Friday, 16 October 2009

China- Day 3 (28/09/09) Part One

The climate in Fujian province is pretty similar to the rest of South East Asia. Hot and humid, no wonder why my Grandfather and his contemporaries chose the likes of Malaysia, Thailand and the Philippines to find their riches.

Yong Chun at midnight...

...and at 6AM.

Our hotel for the next two nights. For the town of Yong Chun it's 5* but in reality it's more like two and a bit. That bit accounts for free broadband.

When in China don't diss the colour red!

Rush hour time at 6.45AM

Guava and peaches.
I really feel sorry for these fruit sellers when Tesco and the French counterpart Carrefour move in big time into China. Currently the number of Tesco superstores in Malaysia is enough to spook me.


Sea Cucumbers anyone?
I can't think of a more slippery texture than these costly delicacies.


Gross...no they're not the jaws of some rodents but dried deer tendons.

Ah, the cigarette vendor. He invited me to have a cup of tea with him (a common practice in this part of China where tea brings the people together).

The Chinese only smoke brands that are made locally, it's difficult to find the usual brands like Marlboroughs or B&H here. Fags range from 30p to over a hundred quid for a packet of 20! The above is a posh brand that carries an alarming reputation of- if smoking is going to lead you to an early death then might as well do it pleasantly with Chunghwa cigarettes. It was dead smooth tasting and so it ought to be as it set me back £7.50.

Breakfast at 7.30AM
The plastic tablecloth is off-putting to say the least!


Fried dough stick in warm soy milk. It's amazing to think how blandness can equate to deliciousness.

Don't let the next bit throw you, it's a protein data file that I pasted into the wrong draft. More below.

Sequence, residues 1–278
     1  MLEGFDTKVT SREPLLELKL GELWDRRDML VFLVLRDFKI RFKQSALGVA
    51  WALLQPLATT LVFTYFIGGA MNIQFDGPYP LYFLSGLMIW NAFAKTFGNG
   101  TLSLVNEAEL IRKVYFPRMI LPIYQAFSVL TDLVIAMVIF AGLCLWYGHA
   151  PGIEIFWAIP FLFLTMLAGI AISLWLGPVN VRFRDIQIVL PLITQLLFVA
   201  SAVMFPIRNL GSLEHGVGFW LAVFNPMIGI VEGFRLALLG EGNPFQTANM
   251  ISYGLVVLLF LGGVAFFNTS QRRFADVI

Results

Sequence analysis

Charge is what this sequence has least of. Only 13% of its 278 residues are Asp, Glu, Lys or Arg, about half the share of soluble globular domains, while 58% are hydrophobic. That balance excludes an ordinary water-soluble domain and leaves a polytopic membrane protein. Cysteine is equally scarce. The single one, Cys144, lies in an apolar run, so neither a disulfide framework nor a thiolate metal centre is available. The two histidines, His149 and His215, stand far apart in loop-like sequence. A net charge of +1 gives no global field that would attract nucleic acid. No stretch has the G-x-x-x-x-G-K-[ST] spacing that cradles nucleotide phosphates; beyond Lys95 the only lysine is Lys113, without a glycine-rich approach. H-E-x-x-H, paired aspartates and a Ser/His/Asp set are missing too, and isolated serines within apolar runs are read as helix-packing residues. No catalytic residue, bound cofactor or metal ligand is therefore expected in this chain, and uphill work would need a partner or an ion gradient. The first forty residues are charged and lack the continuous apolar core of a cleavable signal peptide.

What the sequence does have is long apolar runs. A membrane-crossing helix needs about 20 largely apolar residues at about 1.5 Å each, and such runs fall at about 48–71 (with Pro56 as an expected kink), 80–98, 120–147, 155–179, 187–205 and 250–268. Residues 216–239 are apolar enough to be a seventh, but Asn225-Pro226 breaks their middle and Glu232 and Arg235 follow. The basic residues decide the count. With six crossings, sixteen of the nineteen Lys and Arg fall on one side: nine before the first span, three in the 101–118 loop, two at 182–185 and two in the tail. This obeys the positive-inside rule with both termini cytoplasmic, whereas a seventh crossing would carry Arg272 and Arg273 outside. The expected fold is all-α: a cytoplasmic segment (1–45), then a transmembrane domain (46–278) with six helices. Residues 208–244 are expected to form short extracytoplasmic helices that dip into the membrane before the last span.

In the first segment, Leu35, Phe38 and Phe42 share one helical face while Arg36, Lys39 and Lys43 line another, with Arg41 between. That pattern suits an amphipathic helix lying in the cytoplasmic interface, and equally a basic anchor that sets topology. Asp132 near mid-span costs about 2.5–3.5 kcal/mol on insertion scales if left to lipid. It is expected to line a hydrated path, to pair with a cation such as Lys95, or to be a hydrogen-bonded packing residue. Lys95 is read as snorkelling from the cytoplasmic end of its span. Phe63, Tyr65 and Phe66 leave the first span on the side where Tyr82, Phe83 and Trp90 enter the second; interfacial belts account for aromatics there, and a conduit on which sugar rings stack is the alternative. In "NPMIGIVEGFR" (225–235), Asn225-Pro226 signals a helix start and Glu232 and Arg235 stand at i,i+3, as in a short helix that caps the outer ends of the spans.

Julie and Gwen

Cousin Chris from little Tawau in East Malaysia

Mum
(Gawd I do miss you!)

My Grandfather's village near Nan'an.
Nearly everyone shares the same surname here.

The whole place is surrounded by hills upon hills.

Newfound wealth is responsible for these new buildings...

...or extensions of little architectural value.

Wells are still widely used

Intrusion time

Grandfather's home before he left as a teenager.
(the above shown is a new building that might well surprise him if he was alive today)

The gathering of the indigenous and overseas relatives.

The altar being prepared for tonight's marathon ceremony

Chor Pek Kong
The patron saint so relentlessly dear to the Hokkiens.


Spirit Tablets
These are signs that designate the seat of my Mum's ancestors (Greatgreatgreatgreatgranddad and more).
I believe that ancestral worship of this kind is unique to the Hokkiens, Hakkas and Teochews. A defaulted and surefire family tree going back hundreds of years is thus guaranteed.

Counter altar

The room where my Granfather was born in more than a hundred years ago. I've been told that the furniture are even older.

Makeshift kitchen to cater for the next 48 hours.

These cooks are devastatingly skillful.

Sweet and sour fish
Filleting the above is simply not allowed, besides, the head tastes the best!

They could be related but I didn't bother investigating (there were too many 'relatives' to ask which football team they supported!), like myself they were watching lunch being cooked.

There's a video of the cooking and the subsequent luncheon here.

Hong Bak